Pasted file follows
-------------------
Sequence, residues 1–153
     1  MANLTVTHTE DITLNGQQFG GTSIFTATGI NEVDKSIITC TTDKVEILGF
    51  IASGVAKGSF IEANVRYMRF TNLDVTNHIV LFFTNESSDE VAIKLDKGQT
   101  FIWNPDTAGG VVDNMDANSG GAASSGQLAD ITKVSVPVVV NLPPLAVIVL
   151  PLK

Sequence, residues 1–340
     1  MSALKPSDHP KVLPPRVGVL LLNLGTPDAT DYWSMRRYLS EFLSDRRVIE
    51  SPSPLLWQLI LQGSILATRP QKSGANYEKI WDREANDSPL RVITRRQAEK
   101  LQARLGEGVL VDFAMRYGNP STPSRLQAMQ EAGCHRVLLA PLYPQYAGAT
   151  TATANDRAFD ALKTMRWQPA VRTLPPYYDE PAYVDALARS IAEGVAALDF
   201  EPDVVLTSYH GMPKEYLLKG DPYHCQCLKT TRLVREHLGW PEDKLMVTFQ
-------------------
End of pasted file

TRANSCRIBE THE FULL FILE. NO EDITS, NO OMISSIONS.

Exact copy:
Sequence, residues 1–153
     1  MANLTVTHTE DITLNGQQFG GTSIFTATGI NEVDKSIITC TTDKVEILGF
    51  IASGVAKGSF IEANVRYMRF TNLDVTNHIV LFFTNESSDE VAIKLDKGQT
   101  FIWNPDTAGG VVDNMDANSG GAASSGQLAD ITKVSVPVVV NLPPLAVIVL
   151  PLK

Sequence, residues 1–340
     1  MSALKPSDHP KVLPPRVGVL LLNLGTPDAT DYWSMRRYLS EFLSDRRVIE
    51  SPSPLLWQLI LQGSILATRP QKSGANYEKI WDREANDSPL RVITRRQAEK
   101  LQARLGEGVL VDFAMRYGNP STPSRLQAMQ EAGCHRVLLA PLYPQYAGAT
   151  TATANDRAFD ALKTMRWQPA VRTLPPYYDE PAYVDALARS IAEGVAALDF
   201  EPDVVLTSYH GMPKEYLLKG DPYHCQCLKT TRLVREHLGW PEDKLMVTFQ